Evidence for ‘food addiction’ in humans   ScienceDaily (July 12, 2011) — Research to be presented at the upcoming annual meeting of the Society for the Study of Ingestive Behavior (SSIB), the foremost society for research into all aspects of eating and drinking behavior, suggests that people can become dependent on highly palatable foods and engage in a compulsive pattern of consumption, similar to the behaviors we observe in drug addicts and those with alcoholism.  Link

Food addiction works like drug addiction in the brain  Huffington Post (Apr. 5, 2011) – Seeing a milkshake can activate the same areas of the brain that light up when an addict sees cocaine, U.S. researchers said on Monday. The study helps explain why it can be so hard for some people to maintain a healthy weight, and why it has been so difficult for drug makers and health experts to find obesity treatments that work.  Link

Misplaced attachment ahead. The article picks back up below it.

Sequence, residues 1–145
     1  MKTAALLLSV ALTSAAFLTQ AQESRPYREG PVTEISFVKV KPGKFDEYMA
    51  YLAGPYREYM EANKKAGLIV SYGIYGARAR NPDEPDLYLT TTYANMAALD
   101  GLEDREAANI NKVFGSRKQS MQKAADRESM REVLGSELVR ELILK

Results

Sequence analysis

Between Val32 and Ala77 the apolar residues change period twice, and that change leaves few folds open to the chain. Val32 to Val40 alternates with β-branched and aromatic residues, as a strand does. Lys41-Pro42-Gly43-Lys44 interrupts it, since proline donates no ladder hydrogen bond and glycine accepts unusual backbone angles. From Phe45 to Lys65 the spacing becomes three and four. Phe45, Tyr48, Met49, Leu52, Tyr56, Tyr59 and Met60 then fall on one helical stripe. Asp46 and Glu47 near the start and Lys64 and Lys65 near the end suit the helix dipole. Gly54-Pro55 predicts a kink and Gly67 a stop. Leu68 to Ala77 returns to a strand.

Food addiction: Treatments range from abstinence to mindful eating National Post (Mar. 21, 2011) by Jennifer Sygo – If you or someone you care about is addicted to food, how exactly does one go about treating it? You might argue that treating food addiction makes as much sense as treating someone for a predilection to air or water or shelter, but with mounting evidence that the brains of some individuals — whether by nature or nurture — are more susceptible to addictive-type responses to certain foods, this is a question that is increasingly being asked by clinicians, researchers, and those who feel they are suffering from this as-yet-undefined condition. Link